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Employer-sponsored health insurance for retirees: the need and cost.

Employer-sponsored health insurance for retirees: the need and the cost

Retirees in the private sector are finding employer-sponsored health insurance an increasingly important benefit, according to a recent report by the U.S. Department of Labor's Pension and Welfare Benefits Administration. Some highlights:

Although medicare is the principal source of health coverage for the elderly, private health insurance, especially coverage provided through employer-sponsored group plans, provides an important supplement. The significance of private health benefits is likely to continue to grow as early retirement becomes even more common, life expectancy increases, and the older population grows.

Coverage. In 1983, an estimated 4.6 million retirees and 2.3 million dependents were covered by private sector employers' health insurance programs. Among retirees and dependents age 65 and over, 4.3 million persons were covered, or 16 percent of this segment of the population.

Group health insurance is a key consideration to those contemplating early retirement because medicare is not available before age 65. An estimated 1.6 million retirees and 1 million dependents under 65 were covered by employer-sponsored programs.

Employer-sponsored group insurance generally provides better coverage for health services than other private health insurance programs. Although cost-sharing does vary widely between firms, employers pay an average of 58 percent of the premiums under group insurance plans.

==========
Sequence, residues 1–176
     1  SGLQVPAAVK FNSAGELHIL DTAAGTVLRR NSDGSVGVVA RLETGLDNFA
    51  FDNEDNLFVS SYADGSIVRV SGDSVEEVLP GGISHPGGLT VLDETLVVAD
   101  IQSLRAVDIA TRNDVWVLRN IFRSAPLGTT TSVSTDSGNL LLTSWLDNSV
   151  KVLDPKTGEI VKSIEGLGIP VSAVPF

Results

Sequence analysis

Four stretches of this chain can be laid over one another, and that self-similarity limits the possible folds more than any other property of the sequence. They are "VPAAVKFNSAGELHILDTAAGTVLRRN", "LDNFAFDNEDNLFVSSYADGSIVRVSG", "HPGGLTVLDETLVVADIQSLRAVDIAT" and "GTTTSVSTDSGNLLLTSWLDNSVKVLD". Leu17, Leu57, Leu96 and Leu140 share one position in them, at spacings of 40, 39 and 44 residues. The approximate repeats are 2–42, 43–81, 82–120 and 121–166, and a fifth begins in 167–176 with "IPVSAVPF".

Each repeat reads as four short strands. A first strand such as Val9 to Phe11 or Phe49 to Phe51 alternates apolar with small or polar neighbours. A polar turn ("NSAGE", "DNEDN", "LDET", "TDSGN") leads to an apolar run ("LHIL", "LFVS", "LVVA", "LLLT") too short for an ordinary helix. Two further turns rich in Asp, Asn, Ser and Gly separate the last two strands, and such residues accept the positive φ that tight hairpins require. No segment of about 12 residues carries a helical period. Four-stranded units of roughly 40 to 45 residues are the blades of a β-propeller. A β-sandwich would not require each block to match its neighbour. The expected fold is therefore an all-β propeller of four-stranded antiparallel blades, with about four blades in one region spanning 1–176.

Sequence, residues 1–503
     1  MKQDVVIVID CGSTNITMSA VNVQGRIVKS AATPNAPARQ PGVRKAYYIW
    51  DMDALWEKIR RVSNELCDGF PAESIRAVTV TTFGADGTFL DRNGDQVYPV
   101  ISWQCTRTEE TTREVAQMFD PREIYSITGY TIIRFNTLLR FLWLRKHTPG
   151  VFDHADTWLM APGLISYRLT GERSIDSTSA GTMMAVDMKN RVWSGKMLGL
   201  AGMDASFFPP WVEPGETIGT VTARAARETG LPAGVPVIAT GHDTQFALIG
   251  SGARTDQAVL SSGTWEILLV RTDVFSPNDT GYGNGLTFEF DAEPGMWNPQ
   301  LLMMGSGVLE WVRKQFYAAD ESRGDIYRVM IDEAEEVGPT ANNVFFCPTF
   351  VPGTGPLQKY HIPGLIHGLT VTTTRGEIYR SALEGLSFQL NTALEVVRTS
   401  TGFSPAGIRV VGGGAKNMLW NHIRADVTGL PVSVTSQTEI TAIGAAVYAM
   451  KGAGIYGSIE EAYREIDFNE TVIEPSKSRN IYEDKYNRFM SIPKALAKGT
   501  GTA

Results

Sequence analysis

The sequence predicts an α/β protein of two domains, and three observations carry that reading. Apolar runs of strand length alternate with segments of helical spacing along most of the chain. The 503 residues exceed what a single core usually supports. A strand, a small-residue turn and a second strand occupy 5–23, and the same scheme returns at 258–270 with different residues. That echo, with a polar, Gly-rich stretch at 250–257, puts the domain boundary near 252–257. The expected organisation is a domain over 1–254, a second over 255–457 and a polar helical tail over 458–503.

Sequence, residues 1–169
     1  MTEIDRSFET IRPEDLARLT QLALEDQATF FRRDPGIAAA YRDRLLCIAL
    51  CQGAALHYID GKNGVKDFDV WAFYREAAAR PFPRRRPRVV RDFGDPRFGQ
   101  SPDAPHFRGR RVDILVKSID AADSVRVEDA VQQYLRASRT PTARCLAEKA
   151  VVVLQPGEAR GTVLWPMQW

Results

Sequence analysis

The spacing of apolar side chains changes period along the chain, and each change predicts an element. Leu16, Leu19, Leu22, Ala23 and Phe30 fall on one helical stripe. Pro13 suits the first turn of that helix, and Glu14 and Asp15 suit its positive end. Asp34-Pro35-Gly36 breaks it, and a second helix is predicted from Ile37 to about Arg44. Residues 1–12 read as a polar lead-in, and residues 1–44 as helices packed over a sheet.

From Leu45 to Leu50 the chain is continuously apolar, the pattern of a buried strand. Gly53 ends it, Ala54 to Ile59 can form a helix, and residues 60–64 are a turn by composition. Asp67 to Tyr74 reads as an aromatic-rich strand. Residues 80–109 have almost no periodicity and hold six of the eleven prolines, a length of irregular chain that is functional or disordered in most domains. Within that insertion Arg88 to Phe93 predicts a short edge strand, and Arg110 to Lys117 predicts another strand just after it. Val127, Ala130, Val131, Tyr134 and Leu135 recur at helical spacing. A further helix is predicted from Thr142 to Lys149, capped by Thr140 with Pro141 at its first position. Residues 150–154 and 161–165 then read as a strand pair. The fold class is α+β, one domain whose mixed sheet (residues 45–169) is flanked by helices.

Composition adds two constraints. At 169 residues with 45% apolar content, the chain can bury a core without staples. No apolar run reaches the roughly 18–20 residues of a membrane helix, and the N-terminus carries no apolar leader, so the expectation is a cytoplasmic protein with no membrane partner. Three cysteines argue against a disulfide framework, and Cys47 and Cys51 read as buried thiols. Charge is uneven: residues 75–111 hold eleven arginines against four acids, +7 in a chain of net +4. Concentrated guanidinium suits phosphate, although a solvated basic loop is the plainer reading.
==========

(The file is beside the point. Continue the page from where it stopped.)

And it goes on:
No systematic sample data are available on the criteria used by employers to determine eligibility for retiree health benefits. However, scattered data indicate that, to be eligible for benefits, employees usually have had to work for a firm for at least 10 years, and in some cases for as many as 20 years.

Funding. Prefunding of retiree health benefits is rare. Almost all firms finance these benefits on a pay-as-you-go basis.

The Deficit Reduction Act of 1984 virtually precludes prefunding for retiree medical benefits. (A concern of the Congress was potential tax abuse.) An alternative would be prefunding as an incidental benefit to a pension plan under section 401(h) of the Internal Revenue Code. Retirees' benefits funded under this section, however, are not afforded the same level of protection as pension benefits.

The present value of the accrued liability for retiree health benefits is estimated to have been $98.1 billion in 1983. This accrued liability represents the present value of benefits that both active and retired employees had "earned' as of the end of 1983.

If employers had been prefunding retiree health insurance, the 1985 annual accrual for new benefit liabilities would have been an estimated $750 million.

Medicare tax rates are currently inadequate to sustain the program through the 1990's, and concerns about the Federal deficit suggest that medicare benefits are unlikely to increase in the near future. The continuing rise in health care costs over the past decade has resulted in many companies reducing their health care benefits or increasing costs to beneficiaries, including retirees.

The report, "Employer-Sponsored Retiree Health Insurance,' was prepared by the Office of Policy and Research, Pension and Welfare Benefits Administration. Copies may be obtained by writing to the Department of Labor, Office of Policy and Research, Pension and Welfare Benefits Administration, Washington, DC 20210 or by calling 202-523-9505.
COPYRIGHT 1987 U.S. Bureau of Labor Statistics
No portion of this article can be reproduced without the express written permission from the copyright holder.
Copyright 1987 Gale, Cengage Learning. All rights reserved.

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Title Annotation:research summary
Publication:Monthly Labor Review
Date:May 1, 1987
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